Device Enrollment Managers
A Device Enrollment Manager in Intune is granted permission to enroll up to 1,000 devices into Intune. By default, each individual user in Azure AD has rights to enroll up to 25 devices. Adding a user as a DEM lets them go past this limit. Simple enough. Before you ask, I don’t know if Global Admins are subject to either limit, but if you have occasion to enroll over 1,000 devices as a Global Admin, let me know if you can do it. At any rate, permissions here give you control over DEMs. There are two permissions…Read and Update (Delete falls under Update, in this case). If you are *not* a global admin or Intune Service admin, you can only see or update/delete the DEMs that you created.
Endpoint Protection Reports
Allows admins to view reports associated with the Windows Defender Advanced Threat Protection client. A note here…You won’t be able to view Endpoint Protection Reports unless you integrate Intune with the Azure Log Analytics system. Once that’s done, though, this permission lets a delegated admin view those reports. (Maybe necessary for integrating with SIEM)
This one’s a little confusing at first (and probably second) glance. But I’ll explain some of the background regarding Enrollment. First off, these permissions apply only to Windows Autopilot and iOS Device Enrollment Programs (which, for this guide, covers Apple Business Manager and Apple School Manager) plus Apple Configurator. These enrollment methods allow quick zero to light touch configuration of devices and require some configuration in Intune. Android has its own DEP solution, but Intune is still very weak with Android management at the moment, so no controls for that here. I’m going to collapse the permissions here a little because there are a bunch.
Allows admins to create new devices by importing them from Apple Configurator (Autopilot and DEP devices are not “created” by admins).
Delete DEP and Apple Configurator created devices. I should note here that I believe this refers only to the Device list under the Enrollment Program Tokens section and not the root device view, which is covered under the Managed Devices permission.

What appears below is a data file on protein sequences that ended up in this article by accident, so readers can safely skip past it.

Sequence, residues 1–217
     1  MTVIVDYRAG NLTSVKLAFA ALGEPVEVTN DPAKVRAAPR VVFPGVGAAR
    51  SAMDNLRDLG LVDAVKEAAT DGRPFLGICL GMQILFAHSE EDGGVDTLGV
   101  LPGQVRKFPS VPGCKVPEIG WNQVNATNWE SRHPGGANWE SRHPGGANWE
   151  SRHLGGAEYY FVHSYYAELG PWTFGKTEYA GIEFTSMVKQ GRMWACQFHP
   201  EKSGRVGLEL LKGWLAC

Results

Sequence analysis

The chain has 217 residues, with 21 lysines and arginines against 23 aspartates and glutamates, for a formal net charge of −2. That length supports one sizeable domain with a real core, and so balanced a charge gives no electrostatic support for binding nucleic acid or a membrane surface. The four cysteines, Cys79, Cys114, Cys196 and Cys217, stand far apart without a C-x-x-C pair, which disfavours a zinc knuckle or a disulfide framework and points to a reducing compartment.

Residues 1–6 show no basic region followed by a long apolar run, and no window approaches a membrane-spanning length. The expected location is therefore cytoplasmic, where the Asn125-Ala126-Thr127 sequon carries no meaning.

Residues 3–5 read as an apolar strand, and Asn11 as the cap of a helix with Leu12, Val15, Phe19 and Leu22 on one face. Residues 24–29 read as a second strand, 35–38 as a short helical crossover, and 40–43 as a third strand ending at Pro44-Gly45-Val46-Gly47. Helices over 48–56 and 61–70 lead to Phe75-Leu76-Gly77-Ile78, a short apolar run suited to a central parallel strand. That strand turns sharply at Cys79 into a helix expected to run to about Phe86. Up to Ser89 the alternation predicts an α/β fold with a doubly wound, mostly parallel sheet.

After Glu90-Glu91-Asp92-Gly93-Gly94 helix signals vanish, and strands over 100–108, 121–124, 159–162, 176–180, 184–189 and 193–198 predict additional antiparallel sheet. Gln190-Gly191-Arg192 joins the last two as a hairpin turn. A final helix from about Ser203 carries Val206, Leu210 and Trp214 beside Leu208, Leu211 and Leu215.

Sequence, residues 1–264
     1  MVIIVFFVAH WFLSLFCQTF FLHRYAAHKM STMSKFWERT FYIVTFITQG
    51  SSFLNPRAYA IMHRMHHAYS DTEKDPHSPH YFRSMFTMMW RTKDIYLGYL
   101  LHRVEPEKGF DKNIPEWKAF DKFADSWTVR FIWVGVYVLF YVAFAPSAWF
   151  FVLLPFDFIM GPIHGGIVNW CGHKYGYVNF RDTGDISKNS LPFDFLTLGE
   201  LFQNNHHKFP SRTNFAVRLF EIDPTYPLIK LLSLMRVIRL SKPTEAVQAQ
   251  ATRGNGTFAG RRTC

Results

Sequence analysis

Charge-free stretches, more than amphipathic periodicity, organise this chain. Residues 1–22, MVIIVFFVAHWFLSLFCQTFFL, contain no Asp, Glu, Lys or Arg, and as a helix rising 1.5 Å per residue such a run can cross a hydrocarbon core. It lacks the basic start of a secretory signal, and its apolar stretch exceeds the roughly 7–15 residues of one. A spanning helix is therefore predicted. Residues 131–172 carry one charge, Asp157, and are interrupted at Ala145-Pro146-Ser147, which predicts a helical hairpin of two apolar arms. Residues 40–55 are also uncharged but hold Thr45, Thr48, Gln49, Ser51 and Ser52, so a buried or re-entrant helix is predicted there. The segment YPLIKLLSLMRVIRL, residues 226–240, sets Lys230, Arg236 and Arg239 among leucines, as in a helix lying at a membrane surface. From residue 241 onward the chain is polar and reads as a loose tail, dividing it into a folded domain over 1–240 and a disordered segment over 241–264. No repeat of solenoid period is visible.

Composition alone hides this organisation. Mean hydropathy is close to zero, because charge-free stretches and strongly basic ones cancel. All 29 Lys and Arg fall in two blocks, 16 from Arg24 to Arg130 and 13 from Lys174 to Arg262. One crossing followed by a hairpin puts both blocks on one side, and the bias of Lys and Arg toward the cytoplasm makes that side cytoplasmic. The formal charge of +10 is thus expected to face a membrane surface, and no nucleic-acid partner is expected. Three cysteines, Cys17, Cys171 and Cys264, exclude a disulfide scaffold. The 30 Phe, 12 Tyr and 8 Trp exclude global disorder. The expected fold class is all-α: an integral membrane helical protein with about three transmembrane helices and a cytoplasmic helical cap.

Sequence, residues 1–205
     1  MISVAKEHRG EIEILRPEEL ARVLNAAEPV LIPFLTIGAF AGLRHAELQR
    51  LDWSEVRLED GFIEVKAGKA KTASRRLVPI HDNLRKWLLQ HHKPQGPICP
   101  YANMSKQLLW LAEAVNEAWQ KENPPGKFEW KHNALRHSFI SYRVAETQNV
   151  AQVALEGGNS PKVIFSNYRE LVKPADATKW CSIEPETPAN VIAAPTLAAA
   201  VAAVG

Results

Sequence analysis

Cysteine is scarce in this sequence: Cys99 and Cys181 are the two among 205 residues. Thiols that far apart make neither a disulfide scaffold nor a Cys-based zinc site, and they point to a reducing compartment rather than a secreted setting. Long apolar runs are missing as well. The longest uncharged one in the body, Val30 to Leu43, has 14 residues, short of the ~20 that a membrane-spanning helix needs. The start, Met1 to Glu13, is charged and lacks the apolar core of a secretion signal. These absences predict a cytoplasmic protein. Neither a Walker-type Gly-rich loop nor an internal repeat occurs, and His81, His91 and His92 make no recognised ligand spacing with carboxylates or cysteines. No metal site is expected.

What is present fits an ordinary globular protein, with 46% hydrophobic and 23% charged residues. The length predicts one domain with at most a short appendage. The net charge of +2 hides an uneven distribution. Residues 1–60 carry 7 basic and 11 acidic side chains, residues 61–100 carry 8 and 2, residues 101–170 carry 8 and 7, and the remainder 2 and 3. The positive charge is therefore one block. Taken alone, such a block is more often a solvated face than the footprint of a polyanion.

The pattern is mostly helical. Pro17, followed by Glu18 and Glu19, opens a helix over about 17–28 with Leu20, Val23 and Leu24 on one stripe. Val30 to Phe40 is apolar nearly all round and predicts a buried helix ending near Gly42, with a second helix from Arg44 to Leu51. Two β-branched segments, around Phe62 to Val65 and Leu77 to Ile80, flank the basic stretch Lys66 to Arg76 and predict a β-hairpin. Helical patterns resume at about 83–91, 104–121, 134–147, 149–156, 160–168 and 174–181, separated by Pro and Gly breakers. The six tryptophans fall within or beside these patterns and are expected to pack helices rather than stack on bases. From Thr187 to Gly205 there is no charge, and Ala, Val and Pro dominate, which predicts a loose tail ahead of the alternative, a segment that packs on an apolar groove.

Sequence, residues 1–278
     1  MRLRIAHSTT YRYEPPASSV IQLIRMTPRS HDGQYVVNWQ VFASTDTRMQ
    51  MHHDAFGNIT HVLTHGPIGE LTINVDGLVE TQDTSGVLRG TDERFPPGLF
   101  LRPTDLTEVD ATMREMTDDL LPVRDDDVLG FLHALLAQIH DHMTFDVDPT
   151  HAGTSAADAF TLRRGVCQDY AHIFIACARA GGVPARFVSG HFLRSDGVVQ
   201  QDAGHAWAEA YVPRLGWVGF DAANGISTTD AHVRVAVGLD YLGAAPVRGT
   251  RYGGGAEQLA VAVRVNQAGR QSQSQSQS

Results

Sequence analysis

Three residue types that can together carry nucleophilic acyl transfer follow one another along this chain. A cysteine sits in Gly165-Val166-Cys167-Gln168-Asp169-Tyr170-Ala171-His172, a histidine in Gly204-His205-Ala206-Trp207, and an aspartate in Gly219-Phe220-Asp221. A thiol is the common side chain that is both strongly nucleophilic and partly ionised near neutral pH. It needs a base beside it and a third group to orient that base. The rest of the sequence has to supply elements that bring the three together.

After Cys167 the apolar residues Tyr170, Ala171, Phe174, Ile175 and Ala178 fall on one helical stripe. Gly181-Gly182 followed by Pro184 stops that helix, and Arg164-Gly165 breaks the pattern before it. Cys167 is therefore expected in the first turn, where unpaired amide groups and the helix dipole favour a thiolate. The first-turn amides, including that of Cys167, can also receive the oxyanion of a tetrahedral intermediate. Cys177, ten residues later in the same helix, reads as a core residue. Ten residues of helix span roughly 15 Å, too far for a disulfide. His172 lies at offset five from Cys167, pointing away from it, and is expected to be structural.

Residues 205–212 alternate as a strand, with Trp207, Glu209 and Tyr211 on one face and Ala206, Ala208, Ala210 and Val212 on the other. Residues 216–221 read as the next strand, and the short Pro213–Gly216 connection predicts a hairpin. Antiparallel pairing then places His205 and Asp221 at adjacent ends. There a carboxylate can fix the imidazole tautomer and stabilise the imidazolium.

View the devices under DEP, Apple Configurator, and Autopilot enrollment sections.
Only applies to Windows Autopilot. Basically syncs Intune with the Autopilot registry system.
Assign, Create, Delete, Read, Update Profile
Allows permissions on device profiles for Autopilot, DEP, and Apple Configurator. Note, here, that the “Assign” permission’s info bubble shows that it only applies to Autopilot. I am not certain, but I suspect this also applies to DEP, since there are profiles that need to be assigned there as well, but that permission may be covered under Update.
Create, Delete, Read, Update Token
Apple’s DEP (ABM and ASM) involves the use of Enrollment tokens to link Intune and DEP. Creating a token involves generating a .PEM file that is then uploaded in ABM/ASM. A token file is generated and then downloaded from Apple’s systems and uploaded to Intune. Create permission lets you download the .PEM file, while Update lets you upload the resulting token file. Update permission also allows admins to initiate device Sync from DEP systems.
Intune Data Warehouse
Intune Data Warehouse is a data collection system that stores usage and other data for use by Power BI and other business intelligence reporting solutions. Only one permission here, which is Read.
This permission doesn’t control access to Apps in Intune, but rather to the App Management policies. App Management policies allow discreet control of specific applications that are set up to allow management through Intune. This permission set applies to those policies. Permissions are Assign, Create, Delete, Read, Update, and Wipe. Hopefully those are self-explanatory, but I should point out that the Update permission allows users to delete pending wipe requests, which could be potentially problematic. Be careful with that one.
Simple enough, this allows specific permissions on the Devices view in Intune. Delete, Read, and Update permissions are self-explanatory. Update permission is fairly limited, however, and mostly covers just changing ownership between Personal and Corporate or changing settings on the Properties page.
Grants permission over the portions of the Client Apps section in Intune that can be fully managed from there. Assign, Create, Delete, Read, and Update permissions are available. Also allows users to manage VPP tokens, Windows Enterprise Certificates (used for implementing on-prem PKI with Intune), and Symantec certificates (integrating Symantec Endpoint Protection with Intune), etc, etc. See the info bubbles for more info on what you can do with these permissions.